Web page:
Comprehensive Facilities Plan: Wells Building Update

Wells Building Facade

Historic Wells Building: Part of Plan to Reallocate Campus Space

Minneapolis College has been updating its Comprehensive Facilities Plan. This five-year plan includes annual projects that are being integrated into Minneapolis College's Strategic Priorities. The planning process revealed several priorities being pursued based on funding and partnerships with stakeholders.

One such priority is to determine a practical reuse of the historic Alden H. Smith House, also known as the Wells Building. Committed to preserving this historic asset while maintaining fiscal responsibility, Minneapolis College staff has taken several steps to explore opportunities including:

  • Reviewing all options allowed by State statute
  • Conducting an extensive feasibility study
  • Completing a comprehensive market analysis
  • Discussing avenues for economic development with City of Minneapolis officials

Current, estimated costs to structurally stabilize and renovate this building to meet code standards would be roughly $7 million. Therefore, it has been determined that the only financially viable option for Minneapolis College to foster the revitalization of this historic structure is to package it with the two adjacent parcels at 1400 Yale Place and 45 Spruce Place so it can be marketed to prospective developers. Combining the parcels with the building creates the incentive required for development. By declaring these parcels as surplus and passing them on to a developer through the City of Minneapolis, Minneapolis College and the State of Minnesota will avoid the significant costs of the continued maintenance of this building and the even greater cost to renovate it. Minneapolis College will reallocate the current funds being spent on ongoing maintenance for this building to other capital projects identified in the Comprehensive Facilities Plan allowing other spaces around campus, already more suitable and affordable for academic programming, to be better utilized to serve students.

To facilitate this transaction, the Minnesota State Board of Trustees recently declared the Wells Building as surplus property and agreed to allow the City of Minneapolis Department of Community Planning and Economic Development to facilitate a "pass-through" property sale of all three parcels to a single development entity. The development will include the rehabilitation of the Wells Building and creating a new use for the other two parcels.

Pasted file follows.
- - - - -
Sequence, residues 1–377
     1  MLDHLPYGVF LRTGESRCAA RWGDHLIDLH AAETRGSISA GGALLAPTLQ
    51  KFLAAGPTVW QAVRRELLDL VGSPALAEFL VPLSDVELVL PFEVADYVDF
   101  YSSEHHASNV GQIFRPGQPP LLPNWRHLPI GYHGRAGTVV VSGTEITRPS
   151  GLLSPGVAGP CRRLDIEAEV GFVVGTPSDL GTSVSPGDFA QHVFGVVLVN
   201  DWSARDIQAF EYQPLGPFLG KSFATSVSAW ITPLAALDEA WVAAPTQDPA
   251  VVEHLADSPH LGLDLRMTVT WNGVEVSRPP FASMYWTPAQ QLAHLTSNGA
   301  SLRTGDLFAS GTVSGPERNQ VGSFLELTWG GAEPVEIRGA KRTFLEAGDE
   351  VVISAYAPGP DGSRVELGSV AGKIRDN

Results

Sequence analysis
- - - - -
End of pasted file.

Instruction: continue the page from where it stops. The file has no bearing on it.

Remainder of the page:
Since 2014, 1400 Yale Place has been the temporary location of the Minneapolis College Urban Farm Collective student club's garden. The club is evaluating new locations for the garden. As the development project moves forward, Minneapolis College Facilities Division staff will remove and store the perennial plantings, fencing, planters, underground sprinkler system and shed over the coming weeks so the club may reuse them in their new location.

The demolition of the Black Box Theater, located on 45 Spruce Place, is another part of the preparations underway to advance the development of these parcels. Metropolitan State University's leadership was notified earlier this year that its theater program will need to vacate this space. Programming space for their productions and classes is being made available in the Theater F.1200 and room F.1400 in the Whitney Fine Arts Center and H.0800 in Helland Center. The former loading dock (Black Box Theater) will be separated from the Whitney Fine Arts Center and demolished.

Additional preparations will include Xcel Energy's relocation of electrical transformers. Also, an underground fuel tank for a generator must be emptied and relocated. These preparations will be completed this summer to minimize disruptions for fall semester classes, avoid working in winter conditions and minimize costs.

"We are excited about the opportunity to preserve this historic asset and ensure it remains a part of the neighborhood for the foreseeable future," said President Sharon Pierce. "We are committed to continued engagement with the campus and community stakeholders as we continue to consider facilities improvements on our campus."